Feeding & Nutrition
Springbok are diurnal and are most active in the early morning, the late afternoon and the early, dark evening hours. Hot, midday hours are mostly spent lying down or standing ruminating. They are highly selective, concentrate, mixed-feeders that consume short sweet-grass (0.5-6 cm), forbs, succulents and browse. Grasses and forbs form the bulk of the diet during the moist summer, and browse and succulents during dry winter. Springbok cannot tolerate the high crude fibre content found in most grasses during winter, or in sour-grasses. The most important food criteria are: nutrient quality, palatability and digestibility of plant matter. Springbok require a considerable diversity of plant species in their diet in order to sustain their high energy needs during the dry winter months. Studies in the North West Province revealed 68 plant species in the diet, and in the Kalahari, 57 species. Daily water need is 1-1.5 litre of moisture, which is mostly obtained from the diet. Fog and dew are licked from stones and the surface of vegetative material in early morning. Springbok can also super concentrate their urine by reabsorbing most of their consumed water.
Springbok are social and gregarious. They form several family groups of 5-100 individuals during dry winter periods and aggregate into temporary mass herds in summer. A family herd consists of adult ewes, sub-adult females and juveniles of both sexes. Adult rams become territorial only during the rut; alternatively they join family herds or become solitary nomads. Family herds pass through several different ram territories during one mating season. Year-old sub-adult rams leave the family herd to form temporarily bachelor herds. Apart from their “treks”, family herds tend to stay in a fixed home range. Individuals tend to keep a distance between each other and have little bodily contact. They groom themselves. Springbok do not readily associate with other game species. Lambs join crèches for the first three weeks after birth and then follow the family herd. With optimal climatic conditions a ewe can produce one lamb every eight months or three lambs in two years. Adult body size is reached at 18-20 months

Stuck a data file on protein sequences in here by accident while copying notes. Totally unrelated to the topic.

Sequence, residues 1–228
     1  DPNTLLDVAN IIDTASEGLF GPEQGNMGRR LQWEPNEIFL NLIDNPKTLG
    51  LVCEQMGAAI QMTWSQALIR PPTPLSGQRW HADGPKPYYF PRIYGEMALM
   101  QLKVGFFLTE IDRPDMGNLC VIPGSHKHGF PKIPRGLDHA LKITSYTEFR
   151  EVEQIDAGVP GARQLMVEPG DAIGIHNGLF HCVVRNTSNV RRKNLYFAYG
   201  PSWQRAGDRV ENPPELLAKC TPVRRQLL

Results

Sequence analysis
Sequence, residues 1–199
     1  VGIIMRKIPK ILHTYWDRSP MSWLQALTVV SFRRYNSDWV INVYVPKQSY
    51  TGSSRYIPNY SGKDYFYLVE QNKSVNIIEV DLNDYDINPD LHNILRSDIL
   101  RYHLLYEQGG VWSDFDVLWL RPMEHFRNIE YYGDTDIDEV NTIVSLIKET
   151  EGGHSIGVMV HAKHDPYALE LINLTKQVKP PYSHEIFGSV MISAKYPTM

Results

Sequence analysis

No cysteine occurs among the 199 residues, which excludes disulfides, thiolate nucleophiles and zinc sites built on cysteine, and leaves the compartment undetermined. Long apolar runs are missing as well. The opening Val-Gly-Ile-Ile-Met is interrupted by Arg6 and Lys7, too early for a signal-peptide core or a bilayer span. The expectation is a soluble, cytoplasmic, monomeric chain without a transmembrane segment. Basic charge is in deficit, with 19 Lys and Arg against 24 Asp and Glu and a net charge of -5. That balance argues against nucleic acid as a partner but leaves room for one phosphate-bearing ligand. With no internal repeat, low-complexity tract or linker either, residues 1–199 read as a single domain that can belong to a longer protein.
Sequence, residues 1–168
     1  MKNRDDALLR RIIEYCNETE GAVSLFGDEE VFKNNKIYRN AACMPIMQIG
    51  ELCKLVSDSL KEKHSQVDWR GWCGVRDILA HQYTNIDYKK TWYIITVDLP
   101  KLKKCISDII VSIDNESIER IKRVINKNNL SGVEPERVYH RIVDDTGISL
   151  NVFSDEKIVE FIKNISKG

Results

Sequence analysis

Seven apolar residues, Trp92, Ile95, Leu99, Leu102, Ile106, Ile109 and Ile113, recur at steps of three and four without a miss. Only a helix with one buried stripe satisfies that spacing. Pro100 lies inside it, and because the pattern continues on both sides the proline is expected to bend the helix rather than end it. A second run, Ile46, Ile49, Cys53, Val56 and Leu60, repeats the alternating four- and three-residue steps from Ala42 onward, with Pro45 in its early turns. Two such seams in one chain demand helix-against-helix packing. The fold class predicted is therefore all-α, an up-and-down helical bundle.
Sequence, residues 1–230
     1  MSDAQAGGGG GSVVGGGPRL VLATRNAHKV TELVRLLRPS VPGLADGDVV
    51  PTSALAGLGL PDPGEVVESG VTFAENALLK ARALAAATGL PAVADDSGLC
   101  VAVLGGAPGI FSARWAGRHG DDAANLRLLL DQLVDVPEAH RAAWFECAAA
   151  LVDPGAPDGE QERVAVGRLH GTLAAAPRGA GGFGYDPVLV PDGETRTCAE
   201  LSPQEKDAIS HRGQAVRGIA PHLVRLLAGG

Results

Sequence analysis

Photo: Doug Lee
Some minor, nomadic populations still exist but are rare. These “trek-springbok” are not confined by livestock fences and jump, crawl under or break any fence in their path. Commercial herds on game farms are content to remain enclosed and have a totally different behavioural pattern that may indicate the beginning of domestication. Farmers regard “trek-springbok” as problem animals that interfere with general livestock management.
Susceptive to most tropical diseases, in particular to heartwater. About 4-8% of a population can become resistant to heartwater when translocated. Do not translocate springbok from non-heartwater areas to heartwater areas, but rather purchase more expensive pre-resistant animals from a heartwater area, for ranches where heartwater is endemic. Endo-parasites may occasionally build up in springbok populations introduced into marginal habitats and cause population crashes.
|Southern Springbok information table|
|Adult body weight||kg||33-48||30-44|
|Adult shoulder height||cm||75||70|
|Age of sexual maturity||months||11-12||6-12|
|Age of social adulthood (1st mating)||months||30||10-12|
|1st lamb born at||months||16-18|
|Post maturity age (last mating)||years||-||-|
|Rutting season||Year round|
|Lambing season:||Year round (Peak Jul-Jan)|
|Gender ratio: natural (all ages)||1||1.3|
|Gender ratio: production (all ages)||1||1.8|
|Mating ratio: natural (adults)||1||3|
|Mating ratio: production (adults)||1||5-8|
|Re-establishment: absolute minimum number needed||2||3|
|Re-establishment: smallest viable population size||5||12|
|Spatial behaviour: home range||ha||100||300-800|
|Spatial behaviour: territory range||ha||2-6||None|
|Large stock grazing unit (adult):|
Dietary ratio (grass):
0.15 per animal
(32% of diet)
|0.15 per animal|
(32% of diet)
|Browsing unit (adult):|
Dietary ratio: (browse):
|BU||0.37 per Animal|
(68% of diet)
|0.37 per Animal|
(68% of diet)
|Maximum stocking load||450 Animals Per 1000 ha (At 250-350 mm Annual Rainfall)|
|Minimum habitat size required||ha||100|
|Annual population growth||28-45% (mean 33%)|
|Optimal annual rainfall||150-350 mm|
|Optimal vegetation structure:|
Woody canopy cover: